Speaking to a group of students on Capitol Hill Tuesday, co-founder and CEO of Global Health Corps Barbara Bush said the field of global health needs leaders from diverse backgrounds and areas of expertise, including technology, engineering, architecture and even retail.
“We need diversity at the table when we’re thinking about problem solving,” Bush said during the Global Network for Neglected Tropical Diseases’ END7 Student Advocacy Day in Washington, D.C.
The global health advocate and daughter of former U.S. President George W. Bush described the growth of her organization — a nonprofit founded in 2009 that sends young professionals on yearlong global health fellowships — and emphasized that many fellows in the program don’t come from medical backgrounds.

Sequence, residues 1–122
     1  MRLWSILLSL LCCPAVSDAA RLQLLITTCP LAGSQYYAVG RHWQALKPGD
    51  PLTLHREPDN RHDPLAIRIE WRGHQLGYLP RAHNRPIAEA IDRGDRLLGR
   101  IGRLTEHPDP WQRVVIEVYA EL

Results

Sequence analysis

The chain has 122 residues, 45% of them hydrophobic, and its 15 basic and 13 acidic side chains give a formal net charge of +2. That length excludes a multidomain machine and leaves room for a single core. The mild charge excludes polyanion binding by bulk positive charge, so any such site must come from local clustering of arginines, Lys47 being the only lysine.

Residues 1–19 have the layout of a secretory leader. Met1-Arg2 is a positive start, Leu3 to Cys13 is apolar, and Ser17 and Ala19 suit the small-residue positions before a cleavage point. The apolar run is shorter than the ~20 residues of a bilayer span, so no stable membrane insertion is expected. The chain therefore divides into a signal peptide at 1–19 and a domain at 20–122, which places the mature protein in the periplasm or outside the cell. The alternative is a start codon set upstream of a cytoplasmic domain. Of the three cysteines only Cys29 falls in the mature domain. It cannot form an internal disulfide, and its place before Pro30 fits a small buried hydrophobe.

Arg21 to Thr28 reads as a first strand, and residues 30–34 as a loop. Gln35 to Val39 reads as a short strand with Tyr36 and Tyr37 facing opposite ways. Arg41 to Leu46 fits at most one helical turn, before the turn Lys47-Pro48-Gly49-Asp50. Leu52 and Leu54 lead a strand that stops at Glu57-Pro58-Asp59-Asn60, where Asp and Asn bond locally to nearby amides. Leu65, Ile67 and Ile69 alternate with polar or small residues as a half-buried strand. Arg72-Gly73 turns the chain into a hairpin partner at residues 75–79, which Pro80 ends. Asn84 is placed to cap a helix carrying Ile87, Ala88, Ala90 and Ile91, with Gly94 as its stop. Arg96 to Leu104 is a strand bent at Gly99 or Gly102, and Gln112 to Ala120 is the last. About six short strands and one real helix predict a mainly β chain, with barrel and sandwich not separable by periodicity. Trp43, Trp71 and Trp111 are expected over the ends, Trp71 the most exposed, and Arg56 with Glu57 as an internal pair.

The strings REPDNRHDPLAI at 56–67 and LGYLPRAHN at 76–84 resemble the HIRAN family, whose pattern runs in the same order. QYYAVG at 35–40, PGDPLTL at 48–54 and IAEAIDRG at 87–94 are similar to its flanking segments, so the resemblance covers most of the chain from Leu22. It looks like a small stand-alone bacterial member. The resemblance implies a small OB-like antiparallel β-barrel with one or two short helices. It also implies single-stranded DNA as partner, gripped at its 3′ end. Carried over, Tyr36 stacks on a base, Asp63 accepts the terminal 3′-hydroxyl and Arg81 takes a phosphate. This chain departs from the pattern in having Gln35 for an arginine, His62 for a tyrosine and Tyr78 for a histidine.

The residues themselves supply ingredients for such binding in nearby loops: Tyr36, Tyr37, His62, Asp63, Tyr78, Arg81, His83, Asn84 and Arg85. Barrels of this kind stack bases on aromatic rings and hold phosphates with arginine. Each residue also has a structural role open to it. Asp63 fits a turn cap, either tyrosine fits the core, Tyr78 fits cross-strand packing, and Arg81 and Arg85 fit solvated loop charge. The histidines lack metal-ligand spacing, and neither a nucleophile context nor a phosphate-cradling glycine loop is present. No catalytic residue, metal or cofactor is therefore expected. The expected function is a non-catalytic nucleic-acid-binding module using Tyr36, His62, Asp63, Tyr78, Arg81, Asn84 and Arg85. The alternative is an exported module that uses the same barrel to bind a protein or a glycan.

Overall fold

One fellow in particular studied engineering at the University of California Berkeley and worked for clothing retailer The Gap for three years prior to his transition to global health. When he became a Global Health Corps fellow, he applied his retail skills to transport drugs to clinics and patients and now works in Sierra Leone, overseeing supply chains for Partners in Health, Bush said.
Other fellows have been architects, Bush added, who put their training to use by addressing airflow in health centers in Rwanda in order to prevent the spread of airborne diseases such as tuberculosis.
“I think right now, most people hear global health and think doctor, nurse, that’s what comes to mind immediately,” Bush told Devex. “And yet with Ebola or with Zika, these are systems gaps and systems failures and so we need systems thinkers to address them.”
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